BabyDumpling has been growing by leaps and bounds over the last couple of weeks. Two months ago, she didn’t know how to crawl, and we were just starting to get her used to standing. A month ago, we started encouraging her to walk while holding onto our hands.
A few weeks ago, we started encouraging her to “cruise” on her own, meaning walking while holding onto something, like furniture. We started off with the sofa in the living room, and I tried placing a toy out of her reach to encourage her to move. At first, she would just reach for the toy and lean her body over, leaning until she fell. For many days, she would do the same thing and never move her feet. After she took her first step, she was still very tentative and gave up on reaching the toy pretty quickly. Eventually, she got the hang of it and shakily took a few steps (the minimum number required to reach her toy). She did fall a couple times (on the rug) in the process and cried, but we tried not to react too much to her falling, so that she wouldn’t think it’s a big deal.
At around the same time, she started to learn to crawl. She actually cruised before she crawled, but perhaps she realized she liked being able to move, and had more incentive to crawl after she experienced walking. When she started crawling, she did what I call “the zombie crawl,” which is like a modified army crawl using only one arm. She uses one arm in front of her to pull herself, assisted a little bit by the elbow of her other arm, all of which drags her entire stomach and legs behind her. I tried this position myself and it is extremely tiring and probably the least efficient way to crawl, but for some reason, this was the way she chose. We tried “modeling” the doggy crawl pose to her many times, and she just looked at us like we were idiots (the same way she looks at DoggyDumpling). We noticed that she really liked to knock down towers built out of her wooden toy blocks, so to encourage her to crawl, we built towers all around the living room, and she would zombie crawl over and knock them all down. A friend of ours saw a video of her doing this and dubbed her, “BabyDumpling, Destroyer of Towers, First of Her Name.”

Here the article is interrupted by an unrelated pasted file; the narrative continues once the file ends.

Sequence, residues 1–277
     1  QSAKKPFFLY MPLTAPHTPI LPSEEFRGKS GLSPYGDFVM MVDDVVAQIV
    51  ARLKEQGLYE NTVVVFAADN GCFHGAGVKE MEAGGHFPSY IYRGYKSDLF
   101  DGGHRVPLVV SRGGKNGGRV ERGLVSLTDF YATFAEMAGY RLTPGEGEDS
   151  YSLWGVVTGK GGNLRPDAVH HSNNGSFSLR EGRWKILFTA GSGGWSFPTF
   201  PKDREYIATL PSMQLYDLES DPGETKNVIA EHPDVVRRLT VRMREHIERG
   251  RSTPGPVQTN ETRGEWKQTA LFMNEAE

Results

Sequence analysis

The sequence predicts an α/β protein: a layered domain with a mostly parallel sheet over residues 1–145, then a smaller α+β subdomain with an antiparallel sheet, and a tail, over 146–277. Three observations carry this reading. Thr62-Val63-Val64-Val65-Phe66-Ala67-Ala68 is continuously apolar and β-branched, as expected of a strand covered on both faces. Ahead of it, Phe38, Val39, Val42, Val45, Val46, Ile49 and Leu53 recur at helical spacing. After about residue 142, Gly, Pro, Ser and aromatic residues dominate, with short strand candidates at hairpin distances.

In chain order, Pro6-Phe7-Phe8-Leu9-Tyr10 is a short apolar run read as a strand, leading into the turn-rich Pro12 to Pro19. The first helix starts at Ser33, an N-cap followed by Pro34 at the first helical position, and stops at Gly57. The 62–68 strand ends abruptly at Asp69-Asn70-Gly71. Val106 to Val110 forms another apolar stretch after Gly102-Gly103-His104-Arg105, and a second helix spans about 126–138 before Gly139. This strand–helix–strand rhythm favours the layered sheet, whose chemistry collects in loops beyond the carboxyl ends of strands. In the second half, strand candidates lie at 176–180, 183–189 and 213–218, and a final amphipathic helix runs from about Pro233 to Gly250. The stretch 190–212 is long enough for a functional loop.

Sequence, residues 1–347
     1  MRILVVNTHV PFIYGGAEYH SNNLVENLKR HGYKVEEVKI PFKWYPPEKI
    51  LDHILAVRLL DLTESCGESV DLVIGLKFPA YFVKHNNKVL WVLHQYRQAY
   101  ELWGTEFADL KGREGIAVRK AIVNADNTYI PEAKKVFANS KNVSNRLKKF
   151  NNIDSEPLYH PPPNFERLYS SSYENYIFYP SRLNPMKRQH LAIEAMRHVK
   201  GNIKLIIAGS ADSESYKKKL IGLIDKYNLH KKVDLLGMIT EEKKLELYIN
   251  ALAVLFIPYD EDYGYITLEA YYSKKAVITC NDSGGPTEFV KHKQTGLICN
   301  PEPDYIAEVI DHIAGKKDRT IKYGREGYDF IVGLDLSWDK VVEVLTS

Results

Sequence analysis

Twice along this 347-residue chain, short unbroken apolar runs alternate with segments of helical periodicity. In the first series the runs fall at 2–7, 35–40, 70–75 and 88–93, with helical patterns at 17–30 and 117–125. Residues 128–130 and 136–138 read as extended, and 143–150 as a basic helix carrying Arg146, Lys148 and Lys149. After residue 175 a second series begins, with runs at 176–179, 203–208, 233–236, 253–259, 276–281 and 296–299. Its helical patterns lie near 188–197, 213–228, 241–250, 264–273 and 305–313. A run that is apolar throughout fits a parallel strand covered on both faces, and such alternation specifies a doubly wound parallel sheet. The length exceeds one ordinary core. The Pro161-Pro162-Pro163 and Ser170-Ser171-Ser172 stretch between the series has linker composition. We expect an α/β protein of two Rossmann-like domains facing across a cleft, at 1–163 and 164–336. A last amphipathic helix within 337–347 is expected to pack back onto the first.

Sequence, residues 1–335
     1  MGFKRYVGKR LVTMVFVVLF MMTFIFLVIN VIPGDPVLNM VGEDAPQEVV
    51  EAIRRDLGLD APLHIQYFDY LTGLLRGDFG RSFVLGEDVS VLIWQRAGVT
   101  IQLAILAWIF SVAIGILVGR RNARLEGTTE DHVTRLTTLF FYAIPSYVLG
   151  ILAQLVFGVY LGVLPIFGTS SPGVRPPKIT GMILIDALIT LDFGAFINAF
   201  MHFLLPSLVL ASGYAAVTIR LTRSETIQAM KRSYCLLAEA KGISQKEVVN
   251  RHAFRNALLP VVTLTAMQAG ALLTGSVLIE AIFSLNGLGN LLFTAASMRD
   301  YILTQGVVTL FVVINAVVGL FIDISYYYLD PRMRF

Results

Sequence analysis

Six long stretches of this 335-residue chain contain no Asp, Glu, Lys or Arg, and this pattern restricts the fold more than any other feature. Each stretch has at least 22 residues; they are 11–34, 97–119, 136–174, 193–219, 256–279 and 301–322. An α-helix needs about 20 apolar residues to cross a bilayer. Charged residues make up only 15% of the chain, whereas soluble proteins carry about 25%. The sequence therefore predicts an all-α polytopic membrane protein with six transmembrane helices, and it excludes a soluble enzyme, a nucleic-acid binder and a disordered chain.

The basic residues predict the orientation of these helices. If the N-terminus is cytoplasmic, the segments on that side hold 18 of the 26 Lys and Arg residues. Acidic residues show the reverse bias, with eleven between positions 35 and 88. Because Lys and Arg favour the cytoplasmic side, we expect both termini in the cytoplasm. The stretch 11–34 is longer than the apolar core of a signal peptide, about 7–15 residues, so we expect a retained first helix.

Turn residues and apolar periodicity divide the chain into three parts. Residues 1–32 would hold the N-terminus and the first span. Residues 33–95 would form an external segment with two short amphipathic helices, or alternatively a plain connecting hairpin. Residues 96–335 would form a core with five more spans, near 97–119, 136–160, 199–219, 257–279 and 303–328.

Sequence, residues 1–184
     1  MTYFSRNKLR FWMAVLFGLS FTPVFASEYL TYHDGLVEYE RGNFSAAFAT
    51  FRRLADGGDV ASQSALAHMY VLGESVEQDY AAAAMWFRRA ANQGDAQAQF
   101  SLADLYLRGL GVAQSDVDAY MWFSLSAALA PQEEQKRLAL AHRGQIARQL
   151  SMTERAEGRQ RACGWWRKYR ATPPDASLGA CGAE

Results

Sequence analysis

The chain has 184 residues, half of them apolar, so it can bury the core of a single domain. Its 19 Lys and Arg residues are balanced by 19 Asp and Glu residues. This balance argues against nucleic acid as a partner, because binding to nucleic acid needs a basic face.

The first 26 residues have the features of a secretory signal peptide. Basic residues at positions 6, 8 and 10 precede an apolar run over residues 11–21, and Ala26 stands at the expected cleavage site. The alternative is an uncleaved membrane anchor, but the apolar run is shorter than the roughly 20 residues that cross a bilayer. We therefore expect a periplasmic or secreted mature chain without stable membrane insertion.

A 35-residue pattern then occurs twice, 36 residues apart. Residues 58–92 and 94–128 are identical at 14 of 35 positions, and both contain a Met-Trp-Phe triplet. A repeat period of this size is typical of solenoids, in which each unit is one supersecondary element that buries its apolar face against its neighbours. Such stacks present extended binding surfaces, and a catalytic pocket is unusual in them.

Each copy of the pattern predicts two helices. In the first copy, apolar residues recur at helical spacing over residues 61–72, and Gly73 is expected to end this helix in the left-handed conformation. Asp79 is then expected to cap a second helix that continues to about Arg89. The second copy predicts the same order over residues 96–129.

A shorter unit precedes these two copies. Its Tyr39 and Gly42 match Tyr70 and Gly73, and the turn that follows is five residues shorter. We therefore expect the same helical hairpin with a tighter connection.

Eventually, DaddyDumpling discovered that food was a much better incentive than toys, so he started putting little baby cheerios out of her reach. She loves food. At first, she would crawl at a leisurely pace over to the cheerio, grab it with her chubby little hand, and stuff it in her mouth. But DoggyDumpling also wanted the cheerios, and so they started to compete for it. This really increased BabyDumpling’s crawling speed. Sometimes DoggyDumpling would nab the cheerio just as BabyDumpling got there, and she would get really annoyed with DoggyDumpling and shoot him the nastiest look I’ve ever seen from a baby. Other times, DoggyDumpling would be waiting patiently at the finish line, and BabyDumpling would start yelling at him and waving her arms (to swat him away?) even before she got there, just to warn him not to eat her cheerio.
Once we realized how effective food was as an incentive for crawling, we also used cheerios to get her to cruise more. BabyDumpling likes to hold onto the windowsill because it’s just at her height and she can see outside. We started putting cheerios on the windowsill and getting her to walk from one end to the other. Ever since she started doing that, she’s become much more confident in her cruising. She never seems to get tired of standing, although we haven’t tested how long she can stand for (I’m guessing an hour).